It wasn’t exactly “Once More with Feeling,” but danged if I’m not humming “Under Pressure” under my breath for the last day or so.
I’m not sure that “All That Josh” constituted a musical episode, considering that it only featured a few musical numbers and didn’t really follow the structure of a musical production. On the other hand, the whole thing was an extended joke on musical keys, one that my not-so-inner music theory geek appreciated.
I’ve been a fan of “The Magicians” since the show premiered, at first due to its willingness to make some bold choices with its adaptation. That those choices were arguably necessary–the books are essentially unfilmable as written–doesn’t make them less creative, and in “All That Josh” a number of them paid off strongly.
A key element to the show’s success is making it an ensemble story, rather than primarily Quentin’s. Friends who bounced off the books pretty hard because of Quentin’s sad-sack personality find him a bit more bearable when the focus is on the group of principal characters as a whole. Granted, none of them are particularly likeable, which is one of the things I find most realistic about the show: take most of us in our early 20s and add magic, and try to tell me a lot of us wouldn’t be assholes.
Despite this, “The Magicians,” the TV show, carries a message not unlike those of Harry Potter, Buffy, and other stories involving magic: the characters are most successful when they work together. That’s nowhere more evident than in “All That Josh” where they’re literally spread among four different locations–at least two of which are in some other dimension–and still manage to sing together. They’ve been under tremendous pressure all season: to find the keys, to bring magic back, to rescue the Fillorian monarchy from the elves’ control, and perhaps hardest of all, to forgive one another for all the shit that went down in seasons one and two.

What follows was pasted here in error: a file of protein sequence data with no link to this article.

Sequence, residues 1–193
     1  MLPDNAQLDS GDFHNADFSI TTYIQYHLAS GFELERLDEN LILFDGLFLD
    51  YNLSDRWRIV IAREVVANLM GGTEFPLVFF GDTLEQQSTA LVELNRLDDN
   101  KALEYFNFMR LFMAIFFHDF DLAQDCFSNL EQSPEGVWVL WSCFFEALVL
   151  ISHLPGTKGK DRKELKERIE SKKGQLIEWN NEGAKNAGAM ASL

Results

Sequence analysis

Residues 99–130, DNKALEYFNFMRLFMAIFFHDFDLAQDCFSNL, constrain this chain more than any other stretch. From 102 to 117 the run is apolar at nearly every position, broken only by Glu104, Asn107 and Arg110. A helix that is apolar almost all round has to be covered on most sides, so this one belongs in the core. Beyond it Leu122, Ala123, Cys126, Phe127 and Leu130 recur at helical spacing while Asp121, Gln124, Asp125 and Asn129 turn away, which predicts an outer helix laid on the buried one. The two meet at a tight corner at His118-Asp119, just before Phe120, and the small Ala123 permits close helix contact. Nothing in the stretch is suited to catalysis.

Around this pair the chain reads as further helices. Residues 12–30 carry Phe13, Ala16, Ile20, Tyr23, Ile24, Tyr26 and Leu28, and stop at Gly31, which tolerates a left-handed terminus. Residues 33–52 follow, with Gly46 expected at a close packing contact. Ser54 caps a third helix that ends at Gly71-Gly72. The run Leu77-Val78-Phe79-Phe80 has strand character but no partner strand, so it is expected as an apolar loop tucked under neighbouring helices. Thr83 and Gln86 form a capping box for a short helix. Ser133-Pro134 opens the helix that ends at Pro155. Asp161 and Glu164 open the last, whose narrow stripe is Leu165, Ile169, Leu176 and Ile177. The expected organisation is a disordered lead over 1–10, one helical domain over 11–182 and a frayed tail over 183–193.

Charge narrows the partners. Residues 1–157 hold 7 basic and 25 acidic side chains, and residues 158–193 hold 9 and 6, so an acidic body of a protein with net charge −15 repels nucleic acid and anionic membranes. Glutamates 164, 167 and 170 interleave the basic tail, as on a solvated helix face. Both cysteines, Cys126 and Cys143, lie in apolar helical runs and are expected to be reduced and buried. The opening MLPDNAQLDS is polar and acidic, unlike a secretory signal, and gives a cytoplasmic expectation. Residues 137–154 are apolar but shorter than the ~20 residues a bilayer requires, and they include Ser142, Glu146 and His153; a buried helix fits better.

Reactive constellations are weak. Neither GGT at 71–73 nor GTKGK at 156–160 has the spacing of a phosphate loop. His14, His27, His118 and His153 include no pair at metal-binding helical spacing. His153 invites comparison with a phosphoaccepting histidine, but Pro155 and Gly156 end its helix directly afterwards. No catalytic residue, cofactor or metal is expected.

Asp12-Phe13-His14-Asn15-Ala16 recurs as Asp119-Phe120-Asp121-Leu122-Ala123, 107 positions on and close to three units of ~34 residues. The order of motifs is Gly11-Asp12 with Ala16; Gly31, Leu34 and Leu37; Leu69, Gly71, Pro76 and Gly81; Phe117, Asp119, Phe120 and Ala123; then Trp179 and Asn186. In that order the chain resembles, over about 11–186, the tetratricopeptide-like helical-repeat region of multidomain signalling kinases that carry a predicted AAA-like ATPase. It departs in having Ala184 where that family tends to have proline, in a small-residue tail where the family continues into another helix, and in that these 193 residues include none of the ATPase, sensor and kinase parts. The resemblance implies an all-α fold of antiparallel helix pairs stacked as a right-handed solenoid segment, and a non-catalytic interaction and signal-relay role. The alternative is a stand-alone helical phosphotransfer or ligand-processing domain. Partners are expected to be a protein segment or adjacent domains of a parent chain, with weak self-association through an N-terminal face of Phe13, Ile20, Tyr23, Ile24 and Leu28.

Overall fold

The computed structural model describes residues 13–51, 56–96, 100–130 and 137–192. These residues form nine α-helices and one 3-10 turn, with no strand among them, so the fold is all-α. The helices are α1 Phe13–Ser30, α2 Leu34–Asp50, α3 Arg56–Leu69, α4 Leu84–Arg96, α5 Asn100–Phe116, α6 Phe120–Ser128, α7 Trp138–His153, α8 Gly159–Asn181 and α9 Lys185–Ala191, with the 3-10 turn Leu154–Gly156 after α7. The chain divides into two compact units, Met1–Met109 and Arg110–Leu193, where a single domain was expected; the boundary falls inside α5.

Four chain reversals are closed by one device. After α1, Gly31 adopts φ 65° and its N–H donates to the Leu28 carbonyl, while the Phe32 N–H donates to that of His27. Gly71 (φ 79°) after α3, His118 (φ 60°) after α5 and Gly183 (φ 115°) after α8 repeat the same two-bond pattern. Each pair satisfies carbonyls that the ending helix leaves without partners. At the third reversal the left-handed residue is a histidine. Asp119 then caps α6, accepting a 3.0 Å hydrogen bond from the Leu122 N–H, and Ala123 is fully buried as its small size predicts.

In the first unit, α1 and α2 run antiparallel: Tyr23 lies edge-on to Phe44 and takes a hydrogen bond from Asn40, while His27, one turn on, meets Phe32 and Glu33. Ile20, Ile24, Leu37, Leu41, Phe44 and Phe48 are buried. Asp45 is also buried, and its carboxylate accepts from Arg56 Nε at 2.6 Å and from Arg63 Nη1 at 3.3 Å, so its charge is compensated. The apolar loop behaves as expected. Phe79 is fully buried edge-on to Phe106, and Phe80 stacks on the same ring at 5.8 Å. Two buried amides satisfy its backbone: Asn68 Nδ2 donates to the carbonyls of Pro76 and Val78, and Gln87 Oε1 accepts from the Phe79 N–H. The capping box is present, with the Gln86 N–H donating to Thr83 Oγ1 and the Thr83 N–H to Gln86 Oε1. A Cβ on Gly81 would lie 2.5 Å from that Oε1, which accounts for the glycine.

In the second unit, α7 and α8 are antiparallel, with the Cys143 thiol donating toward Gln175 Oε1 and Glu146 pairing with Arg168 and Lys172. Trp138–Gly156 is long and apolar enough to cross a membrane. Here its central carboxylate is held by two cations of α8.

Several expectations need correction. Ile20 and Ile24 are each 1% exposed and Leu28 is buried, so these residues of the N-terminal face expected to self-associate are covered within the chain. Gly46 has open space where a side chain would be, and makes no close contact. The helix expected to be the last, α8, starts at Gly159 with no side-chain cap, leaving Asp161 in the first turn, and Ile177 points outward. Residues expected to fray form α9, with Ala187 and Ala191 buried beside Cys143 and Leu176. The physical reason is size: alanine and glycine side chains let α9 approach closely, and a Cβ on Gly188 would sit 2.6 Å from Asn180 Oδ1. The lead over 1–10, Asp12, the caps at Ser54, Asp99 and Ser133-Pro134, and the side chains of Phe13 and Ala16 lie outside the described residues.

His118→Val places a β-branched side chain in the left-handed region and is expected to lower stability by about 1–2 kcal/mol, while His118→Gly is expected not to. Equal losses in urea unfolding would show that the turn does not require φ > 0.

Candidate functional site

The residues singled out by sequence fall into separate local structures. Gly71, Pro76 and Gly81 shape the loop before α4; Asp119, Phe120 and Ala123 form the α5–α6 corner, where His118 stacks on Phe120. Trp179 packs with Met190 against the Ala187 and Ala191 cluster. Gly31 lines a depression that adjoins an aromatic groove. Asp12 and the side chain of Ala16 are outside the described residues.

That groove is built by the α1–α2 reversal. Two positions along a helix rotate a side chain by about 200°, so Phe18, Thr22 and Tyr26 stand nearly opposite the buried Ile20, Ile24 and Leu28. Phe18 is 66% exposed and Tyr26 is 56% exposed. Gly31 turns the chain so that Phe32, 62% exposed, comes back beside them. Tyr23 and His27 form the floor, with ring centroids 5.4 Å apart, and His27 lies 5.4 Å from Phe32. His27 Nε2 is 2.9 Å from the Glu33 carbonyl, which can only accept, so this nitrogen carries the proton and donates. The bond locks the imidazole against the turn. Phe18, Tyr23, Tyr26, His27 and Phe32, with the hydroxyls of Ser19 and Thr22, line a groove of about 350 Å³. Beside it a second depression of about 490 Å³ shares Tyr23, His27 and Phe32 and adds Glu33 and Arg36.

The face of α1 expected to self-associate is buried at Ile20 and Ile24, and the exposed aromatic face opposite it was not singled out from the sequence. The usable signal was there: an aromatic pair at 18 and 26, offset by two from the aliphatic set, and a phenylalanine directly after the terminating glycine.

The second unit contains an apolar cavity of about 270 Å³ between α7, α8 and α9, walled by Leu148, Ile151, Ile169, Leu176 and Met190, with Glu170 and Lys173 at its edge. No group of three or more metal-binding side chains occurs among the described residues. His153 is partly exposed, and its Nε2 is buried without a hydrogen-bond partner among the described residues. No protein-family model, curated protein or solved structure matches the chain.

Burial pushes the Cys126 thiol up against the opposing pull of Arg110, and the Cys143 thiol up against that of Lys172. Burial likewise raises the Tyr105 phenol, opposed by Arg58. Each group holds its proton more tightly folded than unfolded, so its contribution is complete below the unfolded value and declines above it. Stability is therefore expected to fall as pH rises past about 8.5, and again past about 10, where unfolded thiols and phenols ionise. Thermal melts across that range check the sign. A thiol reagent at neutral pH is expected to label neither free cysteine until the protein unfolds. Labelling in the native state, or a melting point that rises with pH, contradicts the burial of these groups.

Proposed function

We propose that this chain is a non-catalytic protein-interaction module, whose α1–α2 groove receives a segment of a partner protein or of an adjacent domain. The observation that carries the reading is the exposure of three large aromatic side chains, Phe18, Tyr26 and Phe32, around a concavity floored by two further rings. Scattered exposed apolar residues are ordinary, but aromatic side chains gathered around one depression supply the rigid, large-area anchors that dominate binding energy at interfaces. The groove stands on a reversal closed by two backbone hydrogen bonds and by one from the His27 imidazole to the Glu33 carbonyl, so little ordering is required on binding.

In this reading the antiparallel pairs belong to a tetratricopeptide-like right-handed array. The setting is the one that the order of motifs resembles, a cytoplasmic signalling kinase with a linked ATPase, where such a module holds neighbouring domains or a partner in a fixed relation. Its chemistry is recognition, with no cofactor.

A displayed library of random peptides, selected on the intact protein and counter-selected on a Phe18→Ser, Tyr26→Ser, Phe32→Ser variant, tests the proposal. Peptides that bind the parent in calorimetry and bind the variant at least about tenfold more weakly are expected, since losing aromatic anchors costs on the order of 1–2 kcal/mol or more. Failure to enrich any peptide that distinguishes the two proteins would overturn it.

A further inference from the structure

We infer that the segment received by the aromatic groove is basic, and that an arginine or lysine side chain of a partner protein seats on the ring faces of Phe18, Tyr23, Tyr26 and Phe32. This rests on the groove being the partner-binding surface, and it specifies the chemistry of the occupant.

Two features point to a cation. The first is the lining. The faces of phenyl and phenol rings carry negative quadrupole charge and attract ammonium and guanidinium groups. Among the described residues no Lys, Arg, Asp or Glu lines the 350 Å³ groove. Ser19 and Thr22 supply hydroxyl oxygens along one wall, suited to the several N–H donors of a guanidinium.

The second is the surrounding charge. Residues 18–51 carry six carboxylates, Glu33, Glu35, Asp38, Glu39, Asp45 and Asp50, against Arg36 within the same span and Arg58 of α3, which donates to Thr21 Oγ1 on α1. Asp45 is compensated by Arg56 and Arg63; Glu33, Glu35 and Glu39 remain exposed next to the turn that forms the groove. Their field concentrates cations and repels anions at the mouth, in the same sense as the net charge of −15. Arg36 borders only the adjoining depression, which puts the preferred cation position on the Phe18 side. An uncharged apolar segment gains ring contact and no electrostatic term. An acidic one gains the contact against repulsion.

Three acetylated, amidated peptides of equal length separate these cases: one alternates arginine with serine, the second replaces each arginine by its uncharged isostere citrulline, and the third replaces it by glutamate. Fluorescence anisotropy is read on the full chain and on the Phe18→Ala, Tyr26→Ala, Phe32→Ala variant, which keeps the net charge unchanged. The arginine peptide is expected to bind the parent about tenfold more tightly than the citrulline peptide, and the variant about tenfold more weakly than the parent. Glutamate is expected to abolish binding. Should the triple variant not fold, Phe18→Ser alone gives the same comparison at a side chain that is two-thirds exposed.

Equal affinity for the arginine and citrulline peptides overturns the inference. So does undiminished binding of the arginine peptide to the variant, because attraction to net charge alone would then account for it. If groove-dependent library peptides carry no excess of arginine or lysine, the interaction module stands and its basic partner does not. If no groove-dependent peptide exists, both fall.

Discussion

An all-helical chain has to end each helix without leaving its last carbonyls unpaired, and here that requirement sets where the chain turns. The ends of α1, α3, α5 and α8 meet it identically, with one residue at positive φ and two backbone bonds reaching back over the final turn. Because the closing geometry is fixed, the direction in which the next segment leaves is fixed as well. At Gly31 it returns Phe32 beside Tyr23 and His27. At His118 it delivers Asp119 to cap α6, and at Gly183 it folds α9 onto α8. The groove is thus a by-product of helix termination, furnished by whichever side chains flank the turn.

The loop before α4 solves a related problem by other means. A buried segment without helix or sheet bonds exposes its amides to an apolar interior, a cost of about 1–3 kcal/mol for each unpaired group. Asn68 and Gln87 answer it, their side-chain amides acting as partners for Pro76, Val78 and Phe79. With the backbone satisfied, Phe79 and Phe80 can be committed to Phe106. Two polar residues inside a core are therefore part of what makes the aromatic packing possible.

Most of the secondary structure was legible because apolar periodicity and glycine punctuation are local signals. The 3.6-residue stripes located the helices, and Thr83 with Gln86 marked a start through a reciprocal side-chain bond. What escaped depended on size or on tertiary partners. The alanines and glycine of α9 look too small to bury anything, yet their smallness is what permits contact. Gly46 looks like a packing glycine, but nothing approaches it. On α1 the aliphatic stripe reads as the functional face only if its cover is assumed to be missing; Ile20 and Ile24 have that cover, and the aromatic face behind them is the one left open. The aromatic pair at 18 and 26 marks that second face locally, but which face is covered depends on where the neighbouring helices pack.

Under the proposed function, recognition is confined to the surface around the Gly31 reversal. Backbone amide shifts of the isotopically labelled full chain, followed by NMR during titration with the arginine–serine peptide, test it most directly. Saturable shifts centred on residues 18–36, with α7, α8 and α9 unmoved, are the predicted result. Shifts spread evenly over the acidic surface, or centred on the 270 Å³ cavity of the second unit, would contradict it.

“All That Josh” didn’t fix any of those problems permanently–it couldn’t, not with three episodes still to go this season and season four in the works. Yet all of the characters, especially Quentin, have matured tremendously this season. The most important moment in “All That Josh” wasn’t when they all sang together, but in the moment that predicated it: when, called out by Josh, the others acknowledged their neglect of him (and he admitted that he’s not so great about returning phone calls, either).
Even in Never-Never Land, there might be something to be said for growing up.